qi OGIP

All of these state-of-the-art decline-analysis techniques rely on

pseudopressure and pseudotime transformations applied to pro-

1

duction data and require iterative procedures for the calculation of

OGIP. In this study, we demonstrate that the analysis can be made

r=0.01 using a straightline analysis technique that circumvents such itera-

r=0.1

tions and bypasses any pseudopressure and pseudotime calcula-

tions while rigorously modelling the problem at hand. Also,

r=0.3 additional physical insight about the applicability of the hyper-

DD

0.1 r=0.5

bolic decline assumption to gas wells emerges from this analysis,

while removing the empiricism that dominates the calculation of

r=0.7 hyperbolic decline exponents (b) for gas wells in BDF.

r=0.9

r=1

Analysis of Decline Behaviour of

Gas Wells in BDF

0.01 As discussed previously, gas production from wells in BDF pro-

1E4 1E3 0.01 0.1 1 10 100 ducing under a constant bottomhole pressure can be rigorously

tDAd modelled by Eq. 2, reproduced as

Fig. 1Dimensionless decline rate (DD) for a gas reservoir qDd kexpbtDAd : . . . . . . . . . . . . . . . . . . . . . . . 14

(B 50.85) producing under less-than-wide-open BDF decline.

Dimensionless cumulative gas production is readily obtained

by integrating this equation to yield

Classical Arps decline equations include the exponential

tDAd

model for undersaturated, volumetric oil reservoirs (Arps 1945):

GPDd qDd dtDAd 1 expbtDAd : . . . . . . . . . . 15

qsc qi expDei t; . . . . . . . . . . . . . . . . . . . . . . . . . 10 0

which matches the prediction of Eq. 1 for liquids, for which

studies through the concept of a bottomhole-to-initial density ra-

k b 1 because B 0. Arps hyperbolic decline, in turn, is

tio, shown next

more typical of volumetric depletion of natural-gas reservoirs for

which we write qwf qi qwf

rq 1 ; . . . . . . . . . . . . . . . . . . . . .16

qgi qi qi

qgsc ; . . . . . . . . . . . . . . . . . . . . . . . .11

bDi t 11=b from where it follows, according to Eqs. 3a through 3d, 9, and 15,

that

where b is Arps hyperbolic exponent (0 < b < 1) defined as

GP

GPDd ; . . . . . . . . . . . . . . . . . . . . . . . . . 17

d1=D 1 dlnD OGIP rq

b ; . . . . . . . . . . . . . . . . . . . . .12 p

dt D dt B

k 1 rq GPDd ; . . . . . . . . . . . . . . . . . . . . . . . . . 18

which is expressed in terms of the decline rate D or unit change in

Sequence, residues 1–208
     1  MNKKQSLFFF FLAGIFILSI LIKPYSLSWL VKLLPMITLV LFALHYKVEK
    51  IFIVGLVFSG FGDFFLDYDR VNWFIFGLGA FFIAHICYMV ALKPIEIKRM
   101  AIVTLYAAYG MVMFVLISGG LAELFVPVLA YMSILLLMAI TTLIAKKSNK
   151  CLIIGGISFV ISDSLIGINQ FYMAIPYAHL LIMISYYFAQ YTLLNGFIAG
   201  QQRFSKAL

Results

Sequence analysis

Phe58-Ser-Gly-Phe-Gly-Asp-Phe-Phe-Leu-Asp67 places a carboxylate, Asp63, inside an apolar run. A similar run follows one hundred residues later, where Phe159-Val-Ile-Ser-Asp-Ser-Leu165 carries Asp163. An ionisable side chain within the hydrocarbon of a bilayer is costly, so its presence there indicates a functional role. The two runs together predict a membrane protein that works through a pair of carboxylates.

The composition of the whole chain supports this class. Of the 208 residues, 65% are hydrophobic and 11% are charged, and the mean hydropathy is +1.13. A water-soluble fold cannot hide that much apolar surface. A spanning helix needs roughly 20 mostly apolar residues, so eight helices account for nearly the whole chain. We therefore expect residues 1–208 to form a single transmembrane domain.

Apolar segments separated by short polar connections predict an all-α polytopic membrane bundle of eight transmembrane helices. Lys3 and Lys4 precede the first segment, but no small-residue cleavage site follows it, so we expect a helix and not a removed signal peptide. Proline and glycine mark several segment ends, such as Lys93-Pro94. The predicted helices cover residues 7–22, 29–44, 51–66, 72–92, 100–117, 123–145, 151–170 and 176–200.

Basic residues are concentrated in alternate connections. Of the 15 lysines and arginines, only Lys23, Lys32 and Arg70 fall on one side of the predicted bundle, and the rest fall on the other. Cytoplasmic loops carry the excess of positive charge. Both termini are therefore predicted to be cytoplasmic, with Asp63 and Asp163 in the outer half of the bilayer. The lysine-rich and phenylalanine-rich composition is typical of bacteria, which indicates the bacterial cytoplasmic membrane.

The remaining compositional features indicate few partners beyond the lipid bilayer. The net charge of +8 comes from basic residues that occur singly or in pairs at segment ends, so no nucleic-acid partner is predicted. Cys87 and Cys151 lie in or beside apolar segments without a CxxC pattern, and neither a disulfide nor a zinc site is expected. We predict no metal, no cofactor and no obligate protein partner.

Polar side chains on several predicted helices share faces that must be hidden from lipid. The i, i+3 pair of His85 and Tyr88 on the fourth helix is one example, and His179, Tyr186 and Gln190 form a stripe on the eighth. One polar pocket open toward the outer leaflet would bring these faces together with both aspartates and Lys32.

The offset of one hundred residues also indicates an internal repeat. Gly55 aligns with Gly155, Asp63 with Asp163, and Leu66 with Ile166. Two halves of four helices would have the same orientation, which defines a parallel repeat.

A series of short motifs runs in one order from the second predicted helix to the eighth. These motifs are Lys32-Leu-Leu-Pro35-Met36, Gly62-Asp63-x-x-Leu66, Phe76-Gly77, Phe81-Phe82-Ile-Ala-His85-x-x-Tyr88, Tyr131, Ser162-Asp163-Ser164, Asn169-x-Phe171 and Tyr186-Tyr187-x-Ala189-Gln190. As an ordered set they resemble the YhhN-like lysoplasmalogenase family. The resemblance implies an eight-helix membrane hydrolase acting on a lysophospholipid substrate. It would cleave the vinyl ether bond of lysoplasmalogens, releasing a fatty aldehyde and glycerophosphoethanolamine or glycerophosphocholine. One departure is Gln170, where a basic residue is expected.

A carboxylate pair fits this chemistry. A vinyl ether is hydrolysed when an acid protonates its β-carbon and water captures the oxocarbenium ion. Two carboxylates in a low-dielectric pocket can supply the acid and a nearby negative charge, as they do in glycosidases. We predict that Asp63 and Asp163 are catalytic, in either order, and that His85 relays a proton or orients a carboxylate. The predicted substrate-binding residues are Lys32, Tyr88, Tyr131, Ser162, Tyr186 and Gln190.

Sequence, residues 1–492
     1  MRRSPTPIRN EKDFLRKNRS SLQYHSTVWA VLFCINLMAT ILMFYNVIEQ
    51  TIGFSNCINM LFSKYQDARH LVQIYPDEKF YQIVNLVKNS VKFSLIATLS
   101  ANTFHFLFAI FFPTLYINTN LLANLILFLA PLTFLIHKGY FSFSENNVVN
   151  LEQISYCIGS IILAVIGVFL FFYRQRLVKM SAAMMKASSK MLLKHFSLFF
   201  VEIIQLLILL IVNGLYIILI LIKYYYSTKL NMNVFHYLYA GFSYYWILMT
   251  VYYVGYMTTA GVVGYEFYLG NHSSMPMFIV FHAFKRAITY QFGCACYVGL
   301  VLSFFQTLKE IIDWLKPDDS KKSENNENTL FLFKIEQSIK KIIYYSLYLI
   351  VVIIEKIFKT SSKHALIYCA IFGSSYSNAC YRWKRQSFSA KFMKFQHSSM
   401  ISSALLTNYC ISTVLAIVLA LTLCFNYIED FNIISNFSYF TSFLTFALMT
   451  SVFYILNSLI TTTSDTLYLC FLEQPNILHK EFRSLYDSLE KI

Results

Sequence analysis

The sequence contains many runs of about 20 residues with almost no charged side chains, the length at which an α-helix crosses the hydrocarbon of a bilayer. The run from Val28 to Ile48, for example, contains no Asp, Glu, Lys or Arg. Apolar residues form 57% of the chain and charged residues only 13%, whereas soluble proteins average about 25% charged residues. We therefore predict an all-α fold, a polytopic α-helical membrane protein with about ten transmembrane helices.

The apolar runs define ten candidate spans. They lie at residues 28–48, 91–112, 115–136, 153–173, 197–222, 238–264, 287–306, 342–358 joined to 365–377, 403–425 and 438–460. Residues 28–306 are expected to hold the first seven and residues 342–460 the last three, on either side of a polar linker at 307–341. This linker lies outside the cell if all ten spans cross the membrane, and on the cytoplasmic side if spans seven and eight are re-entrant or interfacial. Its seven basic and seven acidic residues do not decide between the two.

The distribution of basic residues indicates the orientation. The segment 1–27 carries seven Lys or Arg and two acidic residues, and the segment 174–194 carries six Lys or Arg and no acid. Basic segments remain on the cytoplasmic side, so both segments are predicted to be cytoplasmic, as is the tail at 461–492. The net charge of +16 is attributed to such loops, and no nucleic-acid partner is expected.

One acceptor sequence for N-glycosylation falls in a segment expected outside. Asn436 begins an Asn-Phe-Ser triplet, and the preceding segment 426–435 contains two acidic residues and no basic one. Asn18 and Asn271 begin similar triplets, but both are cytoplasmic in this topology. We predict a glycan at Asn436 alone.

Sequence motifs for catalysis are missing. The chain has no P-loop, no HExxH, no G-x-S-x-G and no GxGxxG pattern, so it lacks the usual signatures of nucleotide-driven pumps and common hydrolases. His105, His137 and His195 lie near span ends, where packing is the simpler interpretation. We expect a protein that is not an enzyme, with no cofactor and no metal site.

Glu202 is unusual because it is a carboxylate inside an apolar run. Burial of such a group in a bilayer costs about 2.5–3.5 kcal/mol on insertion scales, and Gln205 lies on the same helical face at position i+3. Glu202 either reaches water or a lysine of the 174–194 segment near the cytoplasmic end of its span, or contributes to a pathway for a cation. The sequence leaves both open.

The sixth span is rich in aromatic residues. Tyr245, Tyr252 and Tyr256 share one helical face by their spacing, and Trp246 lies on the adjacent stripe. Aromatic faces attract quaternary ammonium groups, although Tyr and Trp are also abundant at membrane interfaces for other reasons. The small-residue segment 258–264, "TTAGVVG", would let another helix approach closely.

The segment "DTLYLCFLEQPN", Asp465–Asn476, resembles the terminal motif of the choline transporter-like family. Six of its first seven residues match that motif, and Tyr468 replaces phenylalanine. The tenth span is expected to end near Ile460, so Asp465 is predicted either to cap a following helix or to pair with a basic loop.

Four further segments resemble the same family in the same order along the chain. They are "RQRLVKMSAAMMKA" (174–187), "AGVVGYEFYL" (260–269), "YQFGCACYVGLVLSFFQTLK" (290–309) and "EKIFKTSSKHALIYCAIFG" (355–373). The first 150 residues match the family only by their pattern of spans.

flow rate with time given by and

1 dq dlnq 1 qgi

D : . . . . . . . . . . . . . . . . . . . . . . 13 OGIP : . . . . . . . . . . . . . . . . . . .19

q dt dt X Y rq Dei rq

Fetkovich provided physical justification to the empirical obser- Ibrahim and Wattenbarger (2005) also proposed a concept similar

vations of Arps (Fetkovich 1980). Fetkovichs seminal work con- to rp expressed in terms of pseudopressure instead of density and

cluded that hyperbolic decline exponents (b) are subject to demonstrated that its value has an impact on the prediction ability

empirical determination through their dependence on n-exponents of analytical linear solutions. They focused on the study of tran-

of the gas backpressure equation for wells producing at full poten- sient linear flow performance while this work discusses BDF anal-

tial. Since then, modern decline-curve analysis has evolved to ysis. The basic premise of this work is based on the finding that

account for the effects of prevailing bottomhole-pressure ( pwf) Eq. 14 unequivocally predicts when classical hyperbolic behav-

specifications and the changing gas viscosity and compressibility iour can be expected for gas wells in decline, while predicting the

with time. Reviews of these traditional and modern decline-curve- subsequent hyperbolic coefficient simultaneously and explicitly

analysis methods have been presented by Mattar and Anderson for such cases. This is demonstrated on the basis of Eqs. 14

(2003) and Ahmed and McKinney (2005). Carter (1985), for exam- through 18, from where the dimensionless decline rate (DD) for

ple, developed a set of type curves that used a time-independent ver- any gas well in BDF decline can be derived to be

sion of the k parameter presented in Eq. 5 for the analysis of

1 dqDd k

boundary-dominated data. Blasingame and Lee (1988) and Palacio DD 1 Bk 1 rq B p : . . . . 20

and Blasingame (1993) were the first to convert gas-well-produc- qDd dtDAd B

k

tion data with variable bottomhole-pressure specifications into

equivalent constant-rate liquid data by introducing the concept of Note that D X DD Dei DD , according to Eqs. 3a, 3b, and